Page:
The Leonard Lopate Show's coverage of the issues and ideas, conventions and candidates.
Sasha Issenberg shows how cutting-edge social science and analytics are reshaping the modern political campaign, upending the way political campaigns are run in the 21st century. In The Victory Lab: The Secret Science of Winning Campaigns Issenberg writes about the techniques—including persuasion experiments, innovative ways to mobilize voters, heavily researched electioneering methods—and shows how they’re being used.
Since the 2000 election, Florida has been a prime battleground state for presidential candidates, and this year is no exception. Sergio Bustos, political editor at the Miami Herald, joins us to discuss how the candidates are wooing voters in the Sunshine State. We’ll also discuss Senator Bill Nelson’s re-election bid and how one of Florida’s House races has become one of the tightest and most contentious this year.
Virginia is one of the prized swing states in this year’s presidential election. Washington Post Local Columnist Robert McCartney discusses the major issues that the state’s voters care about this year, on both the national level and in the tight Senate race there. Plus, we’ll look at the impact of economic shifts in Virginia over the last four years.
For almost two decades, Iowa has produced more corn than any other state in the country. But this year a severe drought has hit the state hard, and that’s having an impact on everything from animal feed to ethanol production. Radio Iowa’s O. Kay Henderson talks about how the corn crop could affect how the swing state votes next month. We’ll also look at the candidates’ recent trips to the state, where early voting is already under way.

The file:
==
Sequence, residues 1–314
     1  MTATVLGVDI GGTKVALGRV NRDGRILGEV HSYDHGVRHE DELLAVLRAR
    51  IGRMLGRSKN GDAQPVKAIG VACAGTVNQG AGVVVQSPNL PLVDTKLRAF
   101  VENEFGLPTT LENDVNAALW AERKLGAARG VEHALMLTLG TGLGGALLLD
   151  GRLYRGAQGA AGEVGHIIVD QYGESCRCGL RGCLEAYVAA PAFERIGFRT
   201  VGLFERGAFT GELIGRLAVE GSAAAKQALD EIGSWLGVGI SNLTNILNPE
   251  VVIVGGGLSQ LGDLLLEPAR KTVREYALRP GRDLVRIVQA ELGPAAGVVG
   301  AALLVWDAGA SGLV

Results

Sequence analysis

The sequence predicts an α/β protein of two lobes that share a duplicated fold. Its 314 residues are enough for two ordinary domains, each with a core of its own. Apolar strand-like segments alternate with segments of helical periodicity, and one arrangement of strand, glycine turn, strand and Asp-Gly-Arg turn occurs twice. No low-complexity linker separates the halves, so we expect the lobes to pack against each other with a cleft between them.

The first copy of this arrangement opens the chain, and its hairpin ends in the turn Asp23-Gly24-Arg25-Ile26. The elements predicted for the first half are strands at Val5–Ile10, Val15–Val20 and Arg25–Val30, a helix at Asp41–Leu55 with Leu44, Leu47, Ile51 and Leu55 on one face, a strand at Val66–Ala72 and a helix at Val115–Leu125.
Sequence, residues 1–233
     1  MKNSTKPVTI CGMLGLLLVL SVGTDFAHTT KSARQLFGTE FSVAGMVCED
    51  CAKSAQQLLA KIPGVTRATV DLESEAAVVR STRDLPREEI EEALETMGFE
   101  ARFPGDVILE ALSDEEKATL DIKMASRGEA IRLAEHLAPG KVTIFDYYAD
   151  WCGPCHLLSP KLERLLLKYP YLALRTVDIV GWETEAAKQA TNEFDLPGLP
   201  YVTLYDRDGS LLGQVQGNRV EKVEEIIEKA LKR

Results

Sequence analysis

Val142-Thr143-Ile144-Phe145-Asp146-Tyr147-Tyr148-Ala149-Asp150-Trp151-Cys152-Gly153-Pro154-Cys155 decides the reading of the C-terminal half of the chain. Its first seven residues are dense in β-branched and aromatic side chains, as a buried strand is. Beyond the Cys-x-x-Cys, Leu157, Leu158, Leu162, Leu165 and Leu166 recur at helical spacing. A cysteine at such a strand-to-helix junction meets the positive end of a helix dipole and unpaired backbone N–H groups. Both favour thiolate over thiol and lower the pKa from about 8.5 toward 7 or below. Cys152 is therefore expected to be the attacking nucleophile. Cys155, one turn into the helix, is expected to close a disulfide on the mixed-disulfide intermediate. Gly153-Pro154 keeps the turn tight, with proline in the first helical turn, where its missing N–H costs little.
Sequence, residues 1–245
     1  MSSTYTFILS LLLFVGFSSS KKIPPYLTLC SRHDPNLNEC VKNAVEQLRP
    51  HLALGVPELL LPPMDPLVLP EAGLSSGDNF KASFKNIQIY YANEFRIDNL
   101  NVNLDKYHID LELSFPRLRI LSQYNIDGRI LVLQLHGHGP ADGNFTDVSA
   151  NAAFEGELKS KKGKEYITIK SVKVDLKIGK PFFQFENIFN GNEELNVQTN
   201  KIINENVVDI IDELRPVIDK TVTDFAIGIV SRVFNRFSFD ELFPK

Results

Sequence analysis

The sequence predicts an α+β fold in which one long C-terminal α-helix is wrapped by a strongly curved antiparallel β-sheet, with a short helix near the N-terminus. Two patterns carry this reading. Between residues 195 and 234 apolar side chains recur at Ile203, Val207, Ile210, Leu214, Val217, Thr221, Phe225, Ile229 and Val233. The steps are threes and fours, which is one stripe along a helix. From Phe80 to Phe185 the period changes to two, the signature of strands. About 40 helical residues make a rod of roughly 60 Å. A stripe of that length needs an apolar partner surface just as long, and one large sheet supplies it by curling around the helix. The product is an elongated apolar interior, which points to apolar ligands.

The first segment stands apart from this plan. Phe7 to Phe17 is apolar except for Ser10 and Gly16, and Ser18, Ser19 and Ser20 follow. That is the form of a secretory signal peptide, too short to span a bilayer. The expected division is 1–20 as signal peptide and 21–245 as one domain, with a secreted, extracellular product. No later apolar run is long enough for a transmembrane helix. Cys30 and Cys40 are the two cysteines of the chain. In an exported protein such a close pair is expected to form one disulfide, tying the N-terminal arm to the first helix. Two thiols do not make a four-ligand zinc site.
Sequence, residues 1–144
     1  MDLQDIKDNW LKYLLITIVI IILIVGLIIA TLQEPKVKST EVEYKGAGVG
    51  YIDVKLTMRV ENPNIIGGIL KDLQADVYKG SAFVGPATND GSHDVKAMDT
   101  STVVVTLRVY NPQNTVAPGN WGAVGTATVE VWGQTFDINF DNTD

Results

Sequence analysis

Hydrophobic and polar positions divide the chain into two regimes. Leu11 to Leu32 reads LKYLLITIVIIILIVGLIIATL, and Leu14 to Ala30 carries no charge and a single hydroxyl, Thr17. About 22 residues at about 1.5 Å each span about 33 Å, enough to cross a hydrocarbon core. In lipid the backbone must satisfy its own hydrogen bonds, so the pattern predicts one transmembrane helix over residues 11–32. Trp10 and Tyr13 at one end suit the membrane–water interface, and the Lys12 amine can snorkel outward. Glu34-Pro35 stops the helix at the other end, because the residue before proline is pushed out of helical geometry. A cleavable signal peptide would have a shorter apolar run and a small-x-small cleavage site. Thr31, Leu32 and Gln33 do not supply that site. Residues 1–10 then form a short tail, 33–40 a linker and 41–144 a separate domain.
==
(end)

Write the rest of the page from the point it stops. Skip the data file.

Bradley Smith, Chairman and Co-Founder of the Center for Competitive Politics, Adam Rappaport, Chief Counsel of Citizens for Responsibility and Ethics in Washington, and ProPublica’s Kim Barker discuss how social welfare nonprofit groups, known as 501(c)(4)s are avoid regulation to finance the campaigns. They’ve already spent more than $71 million on television ads, more than all super PACs combined, according to estimates from Kantar Media's Campaign Media Analysis Group. Kim Barker has been reporting the series Revealing Dark Money and Big Data for ProPublica.
There have been major economic shifts across the country since President Obama was elected in 2008. Washington State is home to Boeing as well as Amazon and Microsoft, and Chris Grygiel, Seattle news editor for the Associated Press, talks about how the economic recession and recovery have affected these major employers.
We’ve seen huge economic changes across the country since 2008. The Associated Press’s Dale Wetzel talks about the natural gas and oil industries in North Dakota and throughout the Plains states that has grown over the last four years, and what that means for voters in November. Plus, we’ll look at the race for Kent Conrad’s seat. The Democratic senator announced his retirement in January 2011.
In 2008, we broke down the election map state-by-state. In 2012, we’re breaking it down by industry. Each week, we’ll look at a different industry that changed dramatically over the last four years and find out how that might affect the presidential election. Catherine Rampell of the New York Times talks about the automotive industry and the continuing impact of the 2009 bailout as well as the president’s announcement that the Federal Trade Commission was moving against China, alleging that the country illegally subsidizes its auto part industry—and how all of that affects voters in states from Michigan to Missouri.
Matt Bai, The New York Times Magazine’s chief political correspondent, investigates the state of Ohio, and whether it was Obama’s auto bailout that saved Ohio from falling off the cliff or the policies of the Republican Governor, or if it was something else entirely. He argues that the answer could decide the next presidency. His article “Did Barack Obama Save Ohio?” appears in the September 9 issue of the magazine.
Matt Taibbi, Contributing Editor for Rolling Stone, talks about the election and the complicated relationship the Obama administration has with Elizabeth Warren and with the financial industry.
WNYC Special Correspondent Baratunde Thurston, author of How to Be Black, gives us an update of the events in Charlotte.